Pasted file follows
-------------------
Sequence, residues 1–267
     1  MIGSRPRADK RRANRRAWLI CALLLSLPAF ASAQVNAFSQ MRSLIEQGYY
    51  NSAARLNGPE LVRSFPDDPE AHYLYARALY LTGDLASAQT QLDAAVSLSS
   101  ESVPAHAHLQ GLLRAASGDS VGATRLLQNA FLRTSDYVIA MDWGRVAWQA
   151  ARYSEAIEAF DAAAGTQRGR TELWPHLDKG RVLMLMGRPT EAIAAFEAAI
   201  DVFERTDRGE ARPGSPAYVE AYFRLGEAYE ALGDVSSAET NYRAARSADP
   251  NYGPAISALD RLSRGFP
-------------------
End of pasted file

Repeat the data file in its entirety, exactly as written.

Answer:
Sequence, residues 1–267
     1  MIGSRPRADK RRANRRAWLI CALLLSLPAF ASAQVNAFSQ MRSLIEQGYY
    51  NSAARLNGPE LVRSFPDDPE AHYLYARALY LTGDLASAQT QLDAAVSLSS
   101  ESVPAHAHLQ GLLRAASGDS VGATRLLQNA FLRTSDYVIA MDWGRVAWQA
   151  ARYSEAIEAF DAAAGTQRGR TELWPHLDKG RVLMLMGRPT EAIAAFEAAI
   201  DVFERTDRGE ARPGSPAYVE AYFRLGEAYE ALGDVSSAET NYRAARSADP
   251  NYGPAISALD RLSRGFP